View Full Version : Timed vs Untimed, Z-Ball and Bugatron
07-26-2004, 05:02 PM
A while back, svero made a post about time limitations on demos vs untimed with Space Taxi II. In his case, the untimed version performed much better than timed. So I decided to run an A/B test on two of my games, Bugatron and Z-Ball. This was one month of specially marked downloads. Here are the results:
% of total Z-Ball sales:
Z-Ball Untimed: 20%
Z-Ball Timed: 80%
% of total Bugatron sales:
Bugatron Untimed: 55%
Bugatron Timed: 45%
Bugatron is too close to call still, but I think the untimed will only increase its lead as time goes by. Untimed worked much better for Space Taxi as well. So it appears that a time limit works for some games and not others, but the question is: why? I have an idea or two, but I would like to hear what others think as well.
07-26-2004, 05:34 PM
Could you post the actual numbers? It's hard to say if the first game was 20/80 because you sold 5 and 4 were sold under the timed demo, etc.
07-26-2004, 05:43 PM
It wouldn't be appropriate to give exact numbers. But more than a hundred of each were sold during the test period.
07-26-2004, 05:47 PM
Ok, I understand. I just was curious if the numbers were large enough to make the %'s not be deceiving. "more than a hundred" is a good indicator. I find it interesting that the two games have such a large difference. I wonder if there's some generalization about what games would benefit from which method (timed vs. untimed demo).
07-26-2004, 06:10 PM
I would say it largely depends on whether the demo is fun to play continously. If it quickly gets boring, and you require new levels for it to get interesting again, an untimed demo is likely to do better.
If however you could quite happily play the same levels over and over again (because the game doesn't rely quite so much on new levels for it to be interesting), then a timed demo is likely to do better.
With Z-Ball I'd say the fun can be had with the same levels over and over, so it's no surprise that a timed demo is doing so well. With Bugatron maybe it's not so fun to play repeatedly.
Interesting figures though, thanks for sharing :)
07-26-2004, 07:55 PM
I think simonh nailed it.
Games that have highly replayable levels (such as Diamond Mine, Zuma, and etc.) probably do better with timed demos. These games are usually pretty straight forward and almost all the gameplay elements are playable in the demo. Whereas games that emphasize level progression such as most action and adventure games, might fair better with an unlimited demo. These games usually have a lot of new weapons, items, or play mechanics that are only available in later levels. A lot of people play these games just to see "whats next".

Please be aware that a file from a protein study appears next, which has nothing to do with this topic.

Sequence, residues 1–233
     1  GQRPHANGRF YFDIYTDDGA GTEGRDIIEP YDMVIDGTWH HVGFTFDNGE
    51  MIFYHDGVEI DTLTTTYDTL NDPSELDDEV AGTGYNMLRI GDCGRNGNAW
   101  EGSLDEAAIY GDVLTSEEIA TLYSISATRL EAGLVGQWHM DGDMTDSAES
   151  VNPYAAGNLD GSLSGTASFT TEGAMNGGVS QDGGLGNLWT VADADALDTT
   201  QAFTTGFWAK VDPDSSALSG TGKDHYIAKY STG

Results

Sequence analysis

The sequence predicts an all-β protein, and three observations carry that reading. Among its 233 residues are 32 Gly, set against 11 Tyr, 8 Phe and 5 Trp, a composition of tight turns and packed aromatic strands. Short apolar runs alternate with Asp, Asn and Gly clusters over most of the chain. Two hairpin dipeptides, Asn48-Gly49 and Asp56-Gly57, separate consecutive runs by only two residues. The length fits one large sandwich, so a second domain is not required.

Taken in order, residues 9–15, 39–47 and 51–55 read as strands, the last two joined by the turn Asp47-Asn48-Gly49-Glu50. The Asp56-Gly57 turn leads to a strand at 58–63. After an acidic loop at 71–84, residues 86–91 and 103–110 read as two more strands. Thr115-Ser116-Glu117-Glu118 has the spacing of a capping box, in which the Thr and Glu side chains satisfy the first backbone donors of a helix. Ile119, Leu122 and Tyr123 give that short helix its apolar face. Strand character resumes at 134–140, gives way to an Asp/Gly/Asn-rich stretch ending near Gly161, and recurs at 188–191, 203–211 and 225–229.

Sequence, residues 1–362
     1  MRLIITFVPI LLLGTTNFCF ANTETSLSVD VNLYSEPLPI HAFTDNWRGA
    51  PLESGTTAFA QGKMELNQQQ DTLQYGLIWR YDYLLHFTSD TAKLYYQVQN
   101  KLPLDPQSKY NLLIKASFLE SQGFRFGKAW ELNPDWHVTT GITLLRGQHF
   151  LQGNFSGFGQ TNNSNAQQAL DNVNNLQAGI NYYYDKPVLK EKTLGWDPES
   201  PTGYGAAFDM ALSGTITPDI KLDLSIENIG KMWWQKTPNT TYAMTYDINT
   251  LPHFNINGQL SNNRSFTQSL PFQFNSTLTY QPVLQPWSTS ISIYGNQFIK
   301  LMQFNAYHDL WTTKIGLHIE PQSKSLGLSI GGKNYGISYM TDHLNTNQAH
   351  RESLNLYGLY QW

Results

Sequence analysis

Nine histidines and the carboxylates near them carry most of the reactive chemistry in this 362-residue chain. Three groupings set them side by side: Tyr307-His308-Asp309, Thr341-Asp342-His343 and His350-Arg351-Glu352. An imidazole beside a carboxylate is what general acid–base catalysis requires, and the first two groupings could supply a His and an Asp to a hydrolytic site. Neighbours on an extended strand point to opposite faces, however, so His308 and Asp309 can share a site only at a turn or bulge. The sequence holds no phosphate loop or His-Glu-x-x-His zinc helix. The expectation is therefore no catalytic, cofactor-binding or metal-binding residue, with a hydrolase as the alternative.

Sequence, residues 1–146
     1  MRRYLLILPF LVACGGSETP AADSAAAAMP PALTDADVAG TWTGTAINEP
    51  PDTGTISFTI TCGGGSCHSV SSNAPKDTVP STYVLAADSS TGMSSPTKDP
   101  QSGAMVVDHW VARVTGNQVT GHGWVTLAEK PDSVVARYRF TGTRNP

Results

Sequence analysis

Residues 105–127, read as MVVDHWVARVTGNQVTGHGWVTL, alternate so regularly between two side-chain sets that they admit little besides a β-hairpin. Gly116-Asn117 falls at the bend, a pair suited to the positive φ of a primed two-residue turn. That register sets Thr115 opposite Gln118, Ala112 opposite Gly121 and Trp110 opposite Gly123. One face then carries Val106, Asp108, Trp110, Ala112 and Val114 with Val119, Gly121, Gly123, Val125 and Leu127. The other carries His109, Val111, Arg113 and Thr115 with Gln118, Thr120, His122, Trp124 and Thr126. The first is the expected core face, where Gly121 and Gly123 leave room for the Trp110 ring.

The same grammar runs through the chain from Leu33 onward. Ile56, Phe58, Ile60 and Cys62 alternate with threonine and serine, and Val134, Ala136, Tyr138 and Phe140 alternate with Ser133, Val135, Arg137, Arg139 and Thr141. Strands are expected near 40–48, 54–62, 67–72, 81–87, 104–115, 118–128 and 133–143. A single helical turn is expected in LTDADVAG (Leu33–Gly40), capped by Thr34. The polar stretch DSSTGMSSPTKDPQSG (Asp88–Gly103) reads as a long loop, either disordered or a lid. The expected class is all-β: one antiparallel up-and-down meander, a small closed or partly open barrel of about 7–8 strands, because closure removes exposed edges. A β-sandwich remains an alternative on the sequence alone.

Maybe a good question to ask to see if you should try a timed or unlimited demo is, "Does my game heavily rely on saves files or checkpoints?" If it does, then probably your game emphasizes "level progression". If it doesn't,then most likely people enjoy playing the same levels over again and you might want to have a timed demo.
Though this is just a theory. It needs a testin'. :)
07-27-2004, 07:23 AM
I'm curious about how much time did you give for both versions. I'm interested in seeing how much time it takes the costumers to react to such changes. or did you used two versions at once (a/b test)?
07-27-2004, 07:41 AM
I'm curious about how much time did you give for both versions. I'm interested in seeing how much time it takes the costumers to react to such changes. or did you used two versions at once (a/b test)?I let them go for one month, but I am still seeing sales from those versions come in... So expect untimed to gain a little :)
07-27-2004, 02:01 PM
I agree with simonh. From a customer stand-point I like to play free demos that have repeatable fun with no time limit (even if its the same level or two). For instance, I have yet to finish the first world of the Platypus demo and still have fun replaying it occasionally. ZBall was fun for the demo levels, but that fun was only repeatable so many times before you "remember" all the levels. I think it all comes down to how much value you are giving away for free vs. the percieved value that a purchase will bring. In the case of Platypus, the full version will not bring me any additional value if I still have not beaten the first world. Just my 2 cents.
07-27-2004, 02:45 PM
Did the users have enough time to play through the Bugatron demo in the timed version? How much will it affect sales for the timed demo depending if they get enough levels to keep on playing until the time runs out versus if they play through the demo after half the trial-time?
Maybe the timed version of Bugatron will sell better if the amount of levels is better adjusted to the trial-time?
07-28-2004, 03:51 AM
Cool those new forums are same layout as dexterity ones :)
My experience is this: games with levels or high replayability NEED a time limit demo. Other games that are particular maybe sell better with restrictions only.
My game UBM which is still my best-seller after 3 months, uses a mixed combination: you have restrictions in the demo (can't load or save and you can't hire new boxers) AND you have also a time-limit (25 minutes of playing, but after they expire you can just restart the game from beginning).
In that kind of game it works well because you "build up" your manager, hire new boxers, etc. Having to start from scratch every time is bad because you lose all the "history" you've already made.
For a simple puzzle game instead, you can replay it 10000 times and you won't "lose anything" :)
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